[opendtv] Re: A Clue re OTA DTV users: How many OTA?

  • From: Craig Birkmaier <craig@xxxxxxxxx>
  • To: opendtv@xxxxxxxxxxxxx
  • Date: Fri, 15 Dec 2006 09:44:45 -0500

At 4:15 PM -0800 12/14/06, Richard Hollandsworth wrote:
Can't very well simply broadcast all of those cable channels via OTA without some form of payment--which means a decryption device (e.g. STB or DCAS) for each DTV to limit access--and maybe a different STB or DCAS key for each OTA multiplexed service provider....which would require monthly service charges.....

And the problem is?

When you add fees to the equation, you also provide a pool of money that can be used to pay for the receiver.

And we have the Internet to use as the back channel to deal with this problem. Want to watch an encrypted program or channel? Just pay for a key and your there... This will also be a major benefoit to all kinds of specialty data broadcast services that you will be able to subscribe to for a fee.

Hmmm, seems to be the same as a monthly cable bill.....why bother....esp. given the difficulties of providing RELIABLE service from a fairly large number of (usually widely dispersed) broadcast towers....

I disagree. As we have seen in the UK, when you create an infrastructure to deliver content in the free and clear, you get the one thing that all programmers want - lot's of viewers. With Freeview, broadcasters are PAYING for the right to give their content away.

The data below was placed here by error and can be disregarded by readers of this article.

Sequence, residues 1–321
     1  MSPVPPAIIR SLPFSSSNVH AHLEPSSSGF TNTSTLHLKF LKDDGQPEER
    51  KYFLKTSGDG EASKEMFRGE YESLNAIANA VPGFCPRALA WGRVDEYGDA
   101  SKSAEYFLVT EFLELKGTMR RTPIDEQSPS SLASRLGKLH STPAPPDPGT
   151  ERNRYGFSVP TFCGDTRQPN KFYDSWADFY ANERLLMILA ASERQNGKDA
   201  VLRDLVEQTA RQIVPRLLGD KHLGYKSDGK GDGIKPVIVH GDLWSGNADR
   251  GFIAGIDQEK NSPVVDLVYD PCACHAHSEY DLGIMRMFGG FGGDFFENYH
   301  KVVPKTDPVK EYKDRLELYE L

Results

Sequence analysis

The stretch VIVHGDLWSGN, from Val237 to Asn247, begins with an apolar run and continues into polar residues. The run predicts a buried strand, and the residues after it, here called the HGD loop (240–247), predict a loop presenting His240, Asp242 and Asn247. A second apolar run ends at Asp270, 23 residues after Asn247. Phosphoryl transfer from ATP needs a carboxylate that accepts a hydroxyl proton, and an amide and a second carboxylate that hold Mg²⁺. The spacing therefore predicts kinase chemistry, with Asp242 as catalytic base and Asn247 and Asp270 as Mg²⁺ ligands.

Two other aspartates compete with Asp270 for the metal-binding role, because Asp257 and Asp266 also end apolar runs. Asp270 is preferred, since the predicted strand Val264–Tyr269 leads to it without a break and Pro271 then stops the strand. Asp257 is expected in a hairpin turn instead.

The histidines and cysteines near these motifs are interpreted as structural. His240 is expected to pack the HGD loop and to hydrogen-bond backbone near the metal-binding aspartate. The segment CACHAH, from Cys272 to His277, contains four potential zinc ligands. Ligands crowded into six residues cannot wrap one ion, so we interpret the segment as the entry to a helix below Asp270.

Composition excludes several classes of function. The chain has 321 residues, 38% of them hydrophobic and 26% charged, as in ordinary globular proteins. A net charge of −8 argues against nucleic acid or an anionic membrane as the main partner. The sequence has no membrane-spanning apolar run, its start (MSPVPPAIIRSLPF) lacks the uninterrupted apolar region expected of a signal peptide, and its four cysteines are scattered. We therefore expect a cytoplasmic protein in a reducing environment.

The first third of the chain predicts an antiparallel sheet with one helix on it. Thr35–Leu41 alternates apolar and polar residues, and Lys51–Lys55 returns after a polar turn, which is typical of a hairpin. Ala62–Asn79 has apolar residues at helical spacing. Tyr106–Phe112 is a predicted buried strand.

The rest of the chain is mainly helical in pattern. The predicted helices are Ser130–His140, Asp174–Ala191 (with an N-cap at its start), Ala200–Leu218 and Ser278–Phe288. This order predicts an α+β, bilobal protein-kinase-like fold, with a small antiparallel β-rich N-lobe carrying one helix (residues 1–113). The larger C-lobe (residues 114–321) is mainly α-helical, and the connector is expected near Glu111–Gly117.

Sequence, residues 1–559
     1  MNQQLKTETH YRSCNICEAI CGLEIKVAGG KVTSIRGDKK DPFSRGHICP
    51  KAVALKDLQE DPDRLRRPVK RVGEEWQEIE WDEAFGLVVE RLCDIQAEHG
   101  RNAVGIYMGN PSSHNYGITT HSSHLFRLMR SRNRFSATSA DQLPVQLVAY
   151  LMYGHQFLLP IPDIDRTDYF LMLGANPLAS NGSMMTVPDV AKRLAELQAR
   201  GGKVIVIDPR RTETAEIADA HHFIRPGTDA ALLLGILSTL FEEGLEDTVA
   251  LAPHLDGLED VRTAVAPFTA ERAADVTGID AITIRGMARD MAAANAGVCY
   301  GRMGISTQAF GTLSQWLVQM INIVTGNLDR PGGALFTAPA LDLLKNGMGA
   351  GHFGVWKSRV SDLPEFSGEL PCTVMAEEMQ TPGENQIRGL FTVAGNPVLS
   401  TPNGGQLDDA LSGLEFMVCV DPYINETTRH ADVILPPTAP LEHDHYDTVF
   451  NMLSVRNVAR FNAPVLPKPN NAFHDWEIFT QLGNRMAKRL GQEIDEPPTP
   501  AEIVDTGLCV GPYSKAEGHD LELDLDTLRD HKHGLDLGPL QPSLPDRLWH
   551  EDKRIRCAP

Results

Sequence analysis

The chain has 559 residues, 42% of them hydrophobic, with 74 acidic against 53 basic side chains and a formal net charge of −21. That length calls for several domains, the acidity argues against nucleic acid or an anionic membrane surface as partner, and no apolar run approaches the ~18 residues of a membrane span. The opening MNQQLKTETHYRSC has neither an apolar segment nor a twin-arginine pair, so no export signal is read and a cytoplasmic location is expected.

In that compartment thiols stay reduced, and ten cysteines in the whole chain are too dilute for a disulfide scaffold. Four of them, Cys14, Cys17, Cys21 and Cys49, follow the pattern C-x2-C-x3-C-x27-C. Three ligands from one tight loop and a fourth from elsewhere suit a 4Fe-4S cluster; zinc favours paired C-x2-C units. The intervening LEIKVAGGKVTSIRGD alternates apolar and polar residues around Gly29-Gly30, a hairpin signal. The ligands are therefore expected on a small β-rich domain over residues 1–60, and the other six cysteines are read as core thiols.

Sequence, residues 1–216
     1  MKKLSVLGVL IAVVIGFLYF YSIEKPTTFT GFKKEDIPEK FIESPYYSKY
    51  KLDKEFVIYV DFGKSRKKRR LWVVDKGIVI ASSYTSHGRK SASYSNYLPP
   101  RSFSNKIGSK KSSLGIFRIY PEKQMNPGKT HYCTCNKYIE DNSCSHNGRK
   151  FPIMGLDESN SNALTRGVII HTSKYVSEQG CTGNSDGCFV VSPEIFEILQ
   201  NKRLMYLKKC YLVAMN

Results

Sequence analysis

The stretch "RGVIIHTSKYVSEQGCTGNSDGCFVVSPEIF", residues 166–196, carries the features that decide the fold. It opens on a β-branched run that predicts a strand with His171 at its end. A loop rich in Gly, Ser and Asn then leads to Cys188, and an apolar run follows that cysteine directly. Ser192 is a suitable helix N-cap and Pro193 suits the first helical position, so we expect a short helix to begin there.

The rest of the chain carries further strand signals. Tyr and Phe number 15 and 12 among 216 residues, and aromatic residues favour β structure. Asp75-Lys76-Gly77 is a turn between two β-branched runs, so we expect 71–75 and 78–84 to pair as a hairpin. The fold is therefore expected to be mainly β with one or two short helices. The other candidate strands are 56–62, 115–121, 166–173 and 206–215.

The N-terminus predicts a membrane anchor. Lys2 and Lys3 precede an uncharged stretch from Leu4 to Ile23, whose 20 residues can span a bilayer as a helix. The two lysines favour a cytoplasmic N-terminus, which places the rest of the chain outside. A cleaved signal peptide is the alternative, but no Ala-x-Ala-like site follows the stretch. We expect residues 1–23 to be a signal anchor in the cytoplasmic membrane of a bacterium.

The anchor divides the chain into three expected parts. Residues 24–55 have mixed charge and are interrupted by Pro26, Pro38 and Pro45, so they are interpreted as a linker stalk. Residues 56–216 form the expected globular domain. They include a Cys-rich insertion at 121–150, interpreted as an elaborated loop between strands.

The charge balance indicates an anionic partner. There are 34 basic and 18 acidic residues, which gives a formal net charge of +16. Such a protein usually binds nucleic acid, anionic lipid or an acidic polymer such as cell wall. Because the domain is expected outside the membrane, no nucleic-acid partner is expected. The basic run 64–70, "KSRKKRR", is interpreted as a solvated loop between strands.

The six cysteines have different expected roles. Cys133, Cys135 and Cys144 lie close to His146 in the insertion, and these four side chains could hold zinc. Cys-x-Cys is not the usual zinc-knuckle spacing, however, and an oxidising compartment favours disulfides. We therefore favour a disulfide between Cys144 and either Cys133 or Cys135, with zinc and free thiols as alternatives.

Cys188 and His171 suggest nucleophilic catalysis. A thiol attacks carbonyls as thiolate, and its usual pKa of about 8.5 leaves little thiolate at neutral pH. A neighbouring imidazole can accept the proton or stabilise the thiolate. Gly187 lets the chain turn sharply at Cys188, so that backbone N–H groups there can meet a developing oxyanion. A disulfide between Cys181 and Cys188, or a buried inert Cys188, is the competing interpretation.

We have created a system in the U.S. where the multi-channel systems collect subscriber fees for advertiser supported programming. This is only possible because of the bundling and tiers that these systems offer. IF viewers were give the right to choose (and even pay for) only the channels they want, the whole system would crumble. That is why they are fighting the idea of ala carte program selection.

As soon as you give subscribers the ability to choose to pay only for what they want, virtually all of these channels will drop their subscriber fees so that they can be accessed for free. They cannot afford to lose all of those potential eyeballs - especially the browser channels. A few channels, like ESPN might still charge fees, but they would lose huge amounts of revenue, because of all of the people who don't watch sports, but are paying and average of $2.70/mo for ESPN channels today.

As Bob has pointed out, it would not be difficult or all that expensive to build SFNs to deliver the bits. More important, these networks would enjoy a wide range of new uses that would help to pay for them.

Even if you somehow worked out a funding model for FREETV (ala U.K.'s "TV Fee" scheme ???), only certain "family friendly" channels would pass the FCC's "decency" criteria--excluding Comedy Central, Travel Channel, TNT, USA, WGN (Sex&City), MTV, Spike, and perhaps CourtTV, A&E, E!, etc.

We can't even begin to move to a modern broadcast infrastructure until we eliminate the biggest bottleneck - the FCC. Content controls are EASY to implement with a digital system.


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